Tallest Coil Pot Contest

A few hundred pounds of dried out terra-cotta blocks rehydrated in a trash barrel have coiled into form recently with 8th grade....

I teach art in two buildings.  In one case I have the opportunity to share the art room and co-teach with another art teacher.  Not only do we share past projects that are tried and true, we also get to develop ideas for the students we currently teach.
A couple of months ago, another art teacher in the district told me she inherited several boxes of clay in her current teaching assignment and that I was welcome to use some.  The catch is that the clay is dried out.  We are talking bone-dry earth bricks in neat 25 pound cubes, two per box, lining the walls of her supply room.  At first I said I didn't want any part of that labor.  But then I thought about it and in 24 hours, had a change of heart.  Over the course of that one day revelation, I had a few discussions with the art teacher with whom I co-teach.  Considering we wanted to do more clay projects with junior high students and what we had budgeted for clay purchase, we were limiting ourselves.  You know what, I thought, we could do so much more with the terra-cotta on top of the clay we were going to order.  So I got in touch with the other art teacher and said I reconsidered.  She was a bit surprised.  I told her we could arrange for the district to truck it over with our principals' blessings. After it was a go, the clay arrived a few weeks later.  Without going into the details of the muddy mess and painstaking task of wedging, I'm sharing some pictures of the clay being used in class.  Of course I use my knowledge founded in the pot shop at Slippery Rock when I work on my own pots.  Going through the process with bringing the terra-cotta back to life for the 8th grade coil pots was a sort of "getting back to your roots" endevour.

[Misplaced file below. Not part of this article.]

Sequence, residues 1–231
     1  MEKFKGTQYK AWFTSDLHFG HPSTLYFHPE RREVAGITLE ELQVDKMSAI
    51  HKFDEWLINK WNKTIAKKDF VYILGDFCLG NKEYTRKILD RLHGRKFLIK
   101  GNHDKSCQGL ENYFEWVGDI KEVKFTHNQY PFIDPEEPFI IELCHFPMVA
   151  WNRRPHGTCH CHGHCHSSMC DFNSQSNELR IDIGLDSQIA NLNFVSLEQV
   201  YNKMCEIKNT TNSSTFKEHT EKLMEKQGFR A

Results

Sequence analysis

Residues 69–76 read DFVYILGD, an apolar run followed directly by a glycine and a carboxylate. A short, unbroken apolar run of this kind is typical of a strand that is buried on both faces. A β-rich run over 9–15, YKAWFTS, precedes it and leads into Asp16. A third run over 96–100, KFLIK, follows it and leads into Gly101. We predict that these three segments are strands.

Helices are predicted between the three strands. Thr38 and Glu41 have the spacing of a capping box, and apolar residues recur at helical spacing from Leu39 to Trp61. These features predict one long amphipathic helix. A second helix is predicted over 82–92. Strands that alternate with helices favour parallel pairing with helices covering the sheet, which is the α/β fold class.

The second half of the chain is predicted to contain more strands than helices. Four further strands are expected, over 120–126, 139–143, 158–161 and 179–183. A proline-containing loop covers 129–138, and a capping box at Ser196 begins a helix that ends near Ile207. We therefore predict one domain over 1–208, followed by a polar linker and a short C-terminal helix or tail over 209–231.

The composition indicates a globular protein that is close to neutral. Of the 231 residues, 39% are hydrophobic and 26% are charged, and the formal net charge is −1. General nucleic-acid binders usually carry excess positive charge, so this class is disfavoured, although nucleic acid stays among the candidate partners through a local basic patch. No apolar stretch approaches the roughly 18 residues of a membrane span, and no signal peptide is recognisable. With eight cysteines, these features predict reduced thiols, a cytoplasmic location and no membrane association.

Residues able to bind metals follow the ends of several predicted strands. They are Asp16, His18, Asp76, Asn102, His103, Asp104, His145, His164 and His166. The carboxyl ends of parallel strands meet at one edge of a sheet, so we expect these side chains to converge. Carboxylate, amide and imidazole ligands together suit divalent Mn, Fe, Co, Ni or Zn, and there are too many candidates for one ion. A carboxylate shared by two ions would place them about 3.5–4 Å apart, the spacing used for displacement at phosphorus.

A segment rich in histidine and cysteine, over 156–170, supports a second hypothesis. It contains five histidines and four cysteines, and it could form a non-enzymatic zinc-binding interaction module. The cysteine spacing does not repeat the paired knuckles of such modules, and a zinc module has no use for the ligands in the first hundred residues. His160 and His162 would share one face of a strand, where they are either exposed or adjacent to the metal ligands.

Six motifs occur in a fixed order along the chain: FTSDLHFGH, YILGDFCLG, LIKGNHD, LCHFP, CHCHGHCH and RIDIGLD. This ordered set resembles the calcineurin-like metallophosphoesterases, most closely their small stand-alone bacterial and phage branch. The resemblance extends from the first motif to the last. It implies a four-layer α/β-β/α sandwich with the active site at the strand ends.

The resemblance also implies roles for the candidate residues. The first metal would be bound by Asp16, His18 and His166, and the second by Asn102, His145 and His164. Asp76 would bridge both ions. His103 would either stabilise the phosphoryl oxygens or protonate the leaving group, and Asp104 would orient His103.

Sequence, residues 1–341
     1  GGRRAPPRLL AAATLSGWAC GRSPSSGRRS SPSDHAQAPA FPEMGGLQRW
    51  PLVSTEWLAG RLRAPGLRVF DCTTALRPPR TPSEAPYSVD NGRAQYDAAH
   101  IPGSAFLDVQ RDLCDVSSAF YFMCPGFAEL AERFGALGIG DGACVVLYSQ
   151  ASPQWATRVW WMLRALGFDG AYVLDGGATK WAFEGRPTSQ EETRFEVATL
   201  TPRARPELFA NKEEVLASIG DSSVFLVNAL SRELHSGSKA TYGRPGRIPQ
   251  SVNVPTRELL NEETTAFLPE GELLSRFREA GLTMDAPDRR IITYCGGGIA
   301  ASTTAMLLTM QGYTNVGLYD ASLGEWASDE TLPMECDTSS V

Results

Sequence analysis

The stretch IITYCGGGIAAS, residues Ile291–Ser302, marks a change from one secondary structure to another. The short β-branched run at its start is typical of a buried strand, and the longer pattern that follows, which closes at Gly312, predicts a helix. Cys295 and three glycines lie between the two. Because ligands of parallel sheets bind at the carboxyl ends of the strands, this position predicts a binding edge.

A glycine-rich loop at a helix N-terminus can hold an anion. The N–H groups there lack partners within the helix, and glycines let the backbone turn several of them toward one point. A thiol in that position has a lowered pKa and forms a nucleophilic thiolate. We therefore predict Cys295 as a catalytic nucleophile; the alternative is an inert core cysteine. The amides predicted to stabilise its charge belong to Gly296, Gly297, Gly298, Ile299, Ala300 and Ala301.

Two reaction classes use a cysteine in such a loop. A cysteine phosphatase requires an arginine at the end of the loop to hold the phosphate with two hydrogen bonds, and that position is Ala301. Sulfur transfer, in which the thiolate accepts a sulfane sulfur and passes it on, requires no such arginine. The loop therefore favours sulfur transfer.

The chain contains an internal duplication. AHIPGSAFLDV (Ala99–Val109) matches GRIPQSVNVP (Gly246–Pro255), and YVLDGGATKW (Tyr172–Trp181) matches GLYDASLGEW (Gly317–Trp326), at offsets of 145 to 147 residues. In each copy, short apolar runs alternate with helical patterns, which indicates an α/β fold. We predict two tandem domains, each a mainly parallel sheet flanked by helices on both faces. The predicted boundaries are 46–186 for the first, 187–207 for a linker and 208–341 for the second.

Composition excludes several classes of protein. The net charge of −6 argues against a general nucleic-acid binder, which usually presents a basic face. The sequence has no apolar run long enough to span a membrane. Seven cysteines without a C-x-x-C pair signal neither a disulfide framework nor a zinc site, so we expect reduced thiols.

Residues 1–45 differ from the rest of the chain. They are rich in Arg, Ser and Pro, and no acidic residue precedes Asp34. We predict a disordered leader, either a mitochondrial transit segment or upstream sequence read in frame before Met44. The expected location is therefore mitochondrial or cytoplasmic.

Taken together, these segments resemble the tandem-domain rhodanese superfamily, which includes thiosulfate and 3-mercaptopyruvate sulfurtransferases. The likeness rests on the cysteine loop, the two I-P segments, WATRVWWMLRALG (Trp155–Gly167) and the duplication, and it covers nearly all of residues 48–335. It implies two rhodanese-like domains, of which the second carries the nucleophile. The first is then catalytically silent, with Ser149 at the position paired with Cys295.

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Dermie

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